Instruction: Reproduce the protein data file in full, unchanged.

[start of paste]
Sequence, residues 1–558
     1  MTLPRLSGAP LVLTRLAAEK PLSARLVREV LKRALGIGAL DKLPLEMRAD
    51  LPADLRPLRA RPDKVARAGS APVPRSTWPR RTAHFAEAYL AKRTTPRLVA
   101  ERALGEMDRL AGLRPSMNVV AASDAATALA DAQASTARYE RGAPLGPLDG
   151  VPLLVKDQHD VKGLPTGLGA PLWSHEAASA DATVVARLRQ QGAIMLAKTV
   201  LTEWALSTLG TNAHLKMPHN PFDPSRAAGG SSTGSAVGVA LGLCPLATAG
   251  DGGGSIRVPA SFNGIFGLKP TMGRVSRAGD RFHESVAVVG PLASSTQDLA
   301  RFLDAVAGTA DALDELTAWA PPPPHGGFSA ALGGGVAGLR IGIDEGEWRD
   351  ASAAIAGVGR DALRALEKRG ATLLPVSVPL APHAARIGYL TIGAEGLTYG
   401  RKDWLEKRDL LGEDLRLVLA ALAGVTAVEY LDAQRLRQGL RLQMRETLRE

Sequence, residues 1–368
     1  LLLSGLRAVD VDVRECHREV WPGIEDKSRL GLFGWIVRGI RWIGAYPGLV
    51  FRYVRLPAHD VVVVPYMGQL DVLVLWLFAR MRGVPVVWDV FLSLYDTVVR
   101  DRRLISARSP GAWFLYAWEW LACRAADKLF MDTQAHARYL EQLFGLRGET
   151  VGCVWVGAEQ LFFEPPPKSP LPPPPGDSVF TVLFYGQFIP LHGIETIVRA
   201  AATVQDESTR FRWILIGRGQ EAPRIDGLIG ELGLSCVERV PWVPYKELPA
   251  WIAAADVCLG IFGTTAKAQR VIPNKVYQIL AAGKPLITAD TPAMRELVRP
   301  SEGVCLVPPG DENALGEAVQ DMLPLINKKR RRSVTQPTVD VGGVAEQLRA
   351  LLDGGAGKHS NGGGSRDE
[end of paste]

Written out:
Sequence, residues 1–558
     1  MTLPRLSGAP LVLTRLAAEK PLSARLVREV LKRALGIGAL DKLPLEMRAD
    51  LPADLRPLRA RPDKVARAGS APVPRSTWPR RTAHFAEAYL AKRTTPRLVA
   101  ERALGEMDRL AGLRPSMNVV AASDAATALA DAQASTARYE RGAPLGPLDG
   151  VPLLVKDQHD VKGLPTGLGA PLWSHEAASA DATVVARLRQ QGAIMLAKTV
   201  LTEWALSTLG TNAHLKMPHN PFDPSRAAGG SSTGSAVGVA LGLCPLATAG
   251  DGGGSIRVPA SFNGIFGLKP TMGRVSRAGD RFHESVAVVG PLASSTQDLA
   301  RFLDAVAGTA DALDELTAWA PPPPHGGFSA ALGGGVAGLR IGIDEGEWRD
   351  ASAAIAGVGR DALRALEKRG ATLLPVSVPL APHAARIGYL TIGAEGLTYG
   401  RKDWLEKRDL LGEDLRLVLA ALAGVTAVEY LDAQRLRQGL RLQMRETLRE

Sequence, residues 1–368
     1  LLLSGLRAVD VDVRECHREV WPGIEDKSRL GLFGWIVRGI RWIGAYPGLV
    51  FRYVRLPAHD VVVVPYMGQL DVLVLWLFAR MRGVPVVWDV FLSLYDTVVR
   101  DRRLISARSP GAWFLYAWEW LACRAADKLF MDTQAHARYL EQLFGLRGET
   151  VGCVWVGAEQ LFFEPPPKSP LPPPPGDSVF TVLFYGQFIP LHGIETIVRA
   201  AATVQDESTR FRWILIGRGQ EAPRIDGLIG ELGLSCVERV PWVPYKELPA
   251  WIAAADVCLG IFGTTAKAQR VIPNKVYQIL AAGKPLITAD TPAMRELVRP
   301  SEGVCLVPPG DENALGEAVQ DMLPLINKKR RRSVTQPTVD VGGVAEQLRA
   351  LLDGGAGKHS NGGGSRDE